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Julius Blank, chip-making pioneer and Fairchild co-founder, dies at 86

Amar Toor, @amartoo

Somber news coming out of Palo Alto today, where Julius Blank, the man who helped found the groundbreaking chipmaker Fairchild Semiconductor Corporation, has passed away at the age of 86. The Manhattan-born Blank (pictured third from left, above) began his engineering career in 1952, when he joined AT&T's Western Electric plant in New Jersey. As a member of the engineering group at the plant, Blank helped create phone technology that allowed users to dial long-distance numbers without going through an operator. It was also at Western Electric where he met fellow engineer Eugene Kleiner. In 1956, Blank and Kleiner left AT&T to work at the lab of Nobel Prize-winning physicist William B. Shockley, but departed just one year later (amid to start Fairchild, alongside a group of six other computer scientists that included future Intel Corporation founders Robert Noyce and Gordon Moore. At their new labs, Blank and his peers developed an inexpensive method for manufacturing silicon chips, earning them $1.5 million in capital from a single investor. As the only two with any manufacturing experience, Blank and Kleiner were charged with bringing the dream to fruition -- a task that required them to build the chips from scratch, beginning with the machinery for growing silicon crystals. They succeeded, of course, and in 1969, Blank left Fairchild to start Xicor, a tech firm that Intersil would later buy for $529 million, in 2004. But his legacy will forever be linked to those early days at Fairchild, where, as Blank described in a 2008 interview, he and his colleagues were able to experience the unique thrill of "building something from nothing." Julius Blank is survived by his two sons, Jeffrey and David, and two grandsons.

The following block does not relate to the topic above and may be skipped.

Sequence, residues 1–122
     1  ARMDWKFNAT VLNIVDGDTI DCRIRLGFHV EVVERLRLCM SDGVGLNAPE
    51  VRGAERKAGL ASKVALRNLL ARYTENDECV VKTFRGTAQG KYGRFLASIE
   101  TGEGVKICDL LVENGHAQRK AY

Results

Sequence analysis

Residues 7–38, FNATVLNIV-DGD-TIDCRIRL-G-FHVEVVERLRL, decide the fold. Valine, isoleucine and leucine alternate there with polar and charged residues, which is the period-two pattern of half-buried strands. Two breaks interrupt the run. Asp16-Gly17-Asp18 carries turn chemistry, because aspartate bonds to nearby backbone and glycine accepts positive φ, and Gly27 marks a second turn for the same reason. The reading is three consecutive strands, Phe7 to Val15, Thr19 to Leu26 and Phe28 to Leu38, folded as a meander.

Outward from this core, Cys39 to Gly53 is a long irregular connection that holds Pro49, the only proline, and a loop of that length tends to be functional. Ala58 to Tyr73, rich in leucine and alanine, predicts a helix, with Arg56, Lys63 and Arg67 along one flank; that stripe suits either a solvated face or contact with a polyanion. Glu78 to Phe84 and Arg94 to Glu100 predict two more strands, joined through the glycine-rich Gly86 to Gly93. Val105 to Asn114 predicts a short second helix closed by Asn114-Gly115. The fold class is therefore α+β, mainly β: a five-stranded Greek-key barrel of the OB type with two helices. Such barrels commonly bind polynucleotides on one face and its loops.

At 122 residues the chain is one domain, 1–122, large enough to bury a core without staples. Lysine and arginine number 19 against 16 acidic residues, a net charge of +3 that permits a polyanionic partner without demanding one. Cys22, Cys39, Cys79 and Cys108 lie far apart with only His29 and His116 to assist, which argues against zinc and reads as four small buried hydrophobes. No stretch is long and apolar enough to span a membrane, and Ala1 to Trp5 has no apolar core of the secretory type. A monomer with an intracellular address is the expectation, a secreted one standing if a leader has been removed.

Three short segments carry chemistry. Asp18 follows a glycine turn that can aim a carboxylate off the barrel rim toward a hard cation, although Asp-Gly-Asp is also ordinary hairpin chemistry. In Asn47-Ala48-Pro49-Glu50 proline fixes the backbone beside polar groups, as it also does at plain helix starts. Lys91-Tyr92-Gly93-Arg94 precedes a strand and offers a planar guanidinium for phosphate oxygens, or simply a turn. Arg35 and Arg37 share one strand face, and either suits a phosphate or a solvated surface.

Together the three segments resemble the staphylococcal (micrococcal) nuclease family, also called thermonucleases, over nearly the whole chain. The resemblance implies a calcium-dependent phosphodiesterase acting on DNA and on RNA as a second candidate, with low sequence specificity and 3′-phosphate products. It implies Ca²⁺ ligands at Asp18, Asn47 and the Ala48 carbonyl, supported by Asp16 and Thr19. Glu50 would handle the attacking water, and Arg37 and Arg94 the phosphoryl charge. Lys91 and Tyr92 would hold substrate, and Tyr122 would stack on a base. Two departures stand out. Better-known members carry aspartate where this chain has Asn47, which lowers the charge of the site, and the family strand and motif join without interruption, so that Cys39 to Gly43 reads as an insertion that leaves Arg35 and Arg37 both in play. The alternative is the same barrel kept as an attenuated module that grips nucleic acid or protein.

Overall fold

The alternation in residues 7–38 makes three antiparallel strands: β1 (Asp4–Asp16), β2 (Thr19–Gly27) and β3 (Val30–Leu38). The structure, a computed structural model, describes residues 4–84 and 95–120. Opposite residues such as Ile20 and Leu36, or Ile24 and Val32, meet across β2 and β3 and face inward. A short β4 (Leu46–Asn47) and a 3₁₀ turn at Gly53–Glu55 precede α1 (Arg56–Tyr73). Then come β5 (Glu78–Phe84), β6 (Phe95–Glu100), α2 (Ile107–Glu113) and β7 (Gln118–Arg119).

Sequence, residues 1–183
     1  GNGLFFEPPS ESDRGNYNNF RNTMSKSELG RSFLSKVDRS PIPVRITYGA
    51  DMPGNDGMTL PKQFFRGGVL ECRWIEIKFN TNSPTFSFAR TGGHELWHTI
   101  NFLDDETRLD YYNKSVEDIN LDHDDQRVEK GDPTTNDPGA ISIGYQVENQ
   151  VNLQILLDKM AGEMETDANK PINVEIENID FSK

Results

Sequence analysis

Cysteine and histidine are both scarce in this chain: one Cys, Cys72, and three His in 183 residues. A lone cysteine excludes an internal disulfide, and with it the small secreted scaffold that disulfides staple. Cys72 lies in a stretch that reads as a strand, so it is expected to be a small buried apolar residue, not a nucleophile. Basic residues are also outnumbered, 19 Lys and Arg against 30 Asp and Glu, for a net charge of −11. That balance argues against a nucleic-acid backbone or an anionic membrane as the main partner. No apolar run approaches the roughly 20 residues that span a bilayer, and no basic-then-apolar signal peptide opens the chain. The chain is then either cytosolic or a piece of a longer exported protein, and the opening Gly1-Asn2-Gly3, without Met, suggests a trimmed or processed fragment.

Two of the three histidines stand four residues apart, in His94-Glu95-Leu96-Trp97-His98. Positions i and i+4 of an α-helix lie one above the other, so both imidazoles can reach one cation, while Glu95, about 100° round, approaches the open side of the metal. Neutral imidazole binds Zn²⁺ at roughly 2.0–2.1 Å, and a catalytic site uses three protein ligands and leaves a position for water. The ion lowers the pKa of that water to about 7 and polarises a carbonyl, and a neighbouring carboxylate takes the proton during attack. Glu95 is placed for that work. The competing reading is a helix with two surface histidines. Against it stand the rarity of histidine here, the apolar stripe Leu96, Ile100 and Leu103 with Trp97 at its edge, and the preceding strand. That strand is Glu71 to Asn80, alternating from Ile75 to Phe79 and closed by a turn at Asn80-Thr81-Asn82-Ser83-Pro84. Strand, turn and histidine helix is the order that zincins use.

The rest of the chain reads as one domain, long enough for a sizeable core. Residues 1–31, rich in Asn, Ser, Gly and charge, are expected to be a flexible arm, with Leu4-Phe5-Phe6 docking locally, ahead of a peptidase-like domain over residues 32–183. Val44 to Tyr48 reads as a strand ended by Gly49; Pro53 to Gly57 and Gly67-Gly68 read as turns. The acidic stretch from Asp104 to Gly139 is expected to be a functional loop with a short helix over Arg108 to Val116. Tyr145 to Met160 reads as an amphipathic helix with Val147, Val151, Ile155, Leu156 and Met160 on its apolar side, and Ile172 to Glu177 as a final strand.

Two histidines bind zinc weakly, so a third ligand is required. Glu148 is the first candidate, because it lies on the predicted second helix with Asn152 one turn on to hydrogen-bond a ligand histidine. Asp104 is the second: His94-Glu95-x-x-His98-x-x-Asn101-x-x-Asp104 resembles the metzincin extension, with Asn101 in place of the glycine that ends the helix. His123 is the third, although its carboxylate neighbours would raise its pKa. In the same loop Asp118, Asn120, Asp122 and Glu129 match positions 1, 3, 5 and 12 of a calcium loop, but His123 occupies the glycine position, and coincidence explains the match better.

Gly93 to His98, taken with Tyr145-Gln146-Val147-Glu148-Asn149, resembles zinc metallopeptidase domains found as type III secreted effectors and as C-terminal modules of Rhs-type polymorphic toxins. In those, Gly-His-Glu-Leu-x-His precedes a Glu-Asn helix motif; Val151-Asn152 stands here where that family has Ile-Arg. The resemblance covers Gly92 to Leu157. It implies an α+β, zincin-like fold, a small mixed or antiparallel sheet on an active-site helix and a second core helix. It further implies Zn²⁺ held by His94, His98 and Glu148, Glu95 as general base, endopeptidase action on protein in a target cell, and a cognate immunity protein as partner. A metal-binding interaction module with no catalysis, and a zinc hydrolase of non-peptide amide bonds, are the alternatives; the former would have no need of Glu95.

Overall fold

[Photo courtesy of Joan Seidel / AP 1999]

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